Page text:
In the more than two decades since, this kind of criticism of television has given way to a more general criticism of electronic media, most of whose currently popular forms didn't exist in 1995; Reggio and Glass' most recent collaboration, 2013's Visitors, deals with "humanity's trancelike relationship with technology." You and your children may have escaped the "tractor beam that holds its subjects in total control" as Evidence depicts it, but in the 21st century the number of tractor beams has greatly multiplied. And so the question remains worth asking: which ones have you under their control?

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Based in Seoul, Colin Marshall writes and broadcasts on cities and culture. He’s at work on the book The Stateless City: a Walk through 21st-Century Los Angeles, the video series The City in Cinema, the crowdfunded journalism project Where Is the City of the Future?, and the Los Angeles Review of Books’ Korea Blog. Follow him on Twitter at @colinmarshall or on Facebook.

Hear the Beach Boys’ Angelic Vocal Harmonies in Four Isolated Tracks from Pet Sounds: “Wouldn’t It Be Nice,” “God Only Knows,” “Sloop John B” & “Good Vibrations”

I didn’t get the Beach Boys for a while. They had provided the soundtrack to an alien world, one I knew mostly from chewing gum commercials. They were “uncool—cornball,” writes Ben Ratliff, “unenlightened” purveyors of “beach privilege.” The “narrators of Beach Boys songs used their time as they liked: amusement parks, surfing, drag racing, dating, sitting in their rooms.” They had no cares, no real burdens, just shallow summer loves and heartaches. They came off as some of the blandest, safest-sounding people on earth.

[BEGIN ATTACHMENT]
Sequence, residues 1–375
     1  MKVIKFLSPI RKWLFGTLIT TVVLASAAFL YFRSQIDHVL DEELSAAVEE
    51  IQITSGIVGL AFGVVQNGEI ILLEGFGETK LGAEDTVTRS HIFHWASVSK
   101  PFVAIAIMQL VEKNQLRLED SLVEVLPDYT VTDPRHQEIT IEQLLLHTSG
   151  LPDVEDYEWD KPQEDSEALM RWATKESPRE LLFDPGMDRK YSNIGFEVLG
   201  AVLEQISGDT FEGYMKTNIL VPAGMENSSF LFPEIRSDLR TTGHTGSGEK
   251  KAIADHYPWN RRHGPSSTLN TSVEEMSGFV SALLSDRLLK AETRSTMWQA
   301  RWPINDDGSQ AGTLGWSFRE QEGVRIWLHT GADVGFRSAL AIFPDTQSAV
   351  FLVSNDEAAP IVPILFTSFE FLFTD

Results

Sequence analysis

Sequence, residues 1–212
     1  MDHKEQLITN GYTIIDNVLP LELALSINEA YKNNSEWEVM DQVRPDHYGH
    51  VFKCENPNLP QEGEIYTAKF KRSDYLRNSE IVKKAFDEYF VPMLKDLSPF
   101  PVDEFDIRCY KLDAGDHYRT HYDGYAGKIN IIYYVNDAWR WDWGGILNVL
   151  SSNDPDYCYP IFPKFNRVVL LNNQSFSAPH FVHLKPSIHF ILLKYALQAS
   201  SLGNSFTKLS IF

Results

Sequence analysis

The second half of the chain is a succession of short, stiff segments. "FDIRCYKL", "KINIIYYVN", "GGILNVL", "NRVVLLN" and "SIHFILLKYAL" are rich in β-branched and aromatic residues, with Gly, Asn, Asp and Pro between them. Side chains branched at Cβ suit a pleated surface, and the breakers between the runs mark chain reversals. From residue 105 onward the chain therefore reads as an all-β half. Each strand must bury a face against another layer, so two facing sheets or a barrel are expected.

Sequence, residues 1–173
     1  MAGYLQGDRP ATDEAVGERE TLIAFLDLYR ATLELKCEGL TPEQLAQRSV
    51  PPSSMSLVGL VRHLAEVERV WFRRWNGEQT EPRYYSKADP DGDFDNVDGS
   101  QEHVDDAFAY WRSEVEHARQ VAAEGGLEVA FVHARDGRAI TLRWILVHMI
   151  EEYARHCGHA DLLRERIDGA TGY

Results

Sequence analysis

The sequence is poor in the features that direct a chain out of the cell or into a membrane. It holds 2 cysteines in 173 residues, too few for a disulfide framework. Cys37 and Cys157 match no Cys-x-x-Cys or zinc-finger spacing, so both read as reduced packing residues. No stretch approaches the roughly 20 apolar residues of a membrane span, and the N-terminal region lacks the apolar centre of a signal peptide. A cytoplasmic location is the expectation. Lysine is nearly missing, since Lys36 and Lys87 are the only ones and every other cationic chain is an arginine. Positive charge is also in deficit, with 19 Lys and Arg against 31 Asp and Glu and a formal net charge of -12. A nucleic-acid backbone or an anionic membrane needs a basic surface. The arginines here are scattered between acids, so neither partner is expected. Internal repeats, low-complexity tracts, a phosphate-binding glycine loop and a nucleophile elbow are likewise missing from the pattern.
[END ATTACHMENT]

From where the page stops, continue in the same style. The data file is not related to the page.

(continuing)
Then, in a puzzling turn in the nineties, indie artists like Neutral Milk Hotel, Jim O’Rourke, and The Sea and Cake began experimenting with the complex arrangements, odd instrumentation, and sunny melodies of 60s pop artists like The Beach Boys and Burt Bacharach.

This is music that can seduce us into thinking it is simplistic, childish, uninspired vanilla. Its use as background muzak in supermarkets and shopping malls confirms the impression. But critical listening explodes it. (Dig the phrasing in the otherwise silly, Bacharach/Hal David-composed “Do You Know the Way to San Jose.”)

Yes, it took a retro-hip return to '60s lounge music, bossa nova, and surf pop for many people to reconsider the Beach Boys as serious artists. And while the trend became a little cloying, once I put on the headphones and gave the radical Pet Sounds a few dozen spins, as so many songwriters I admired had gushed about doing, I got it. Of course. Yes. The arrangements, and those harmonies…. It isn’t only the technical wizardry, though there’s that. It’s how thoroughly weird those classically-inspired arrangements are. Perhaps a better way to put it would be, totally counterintuitive.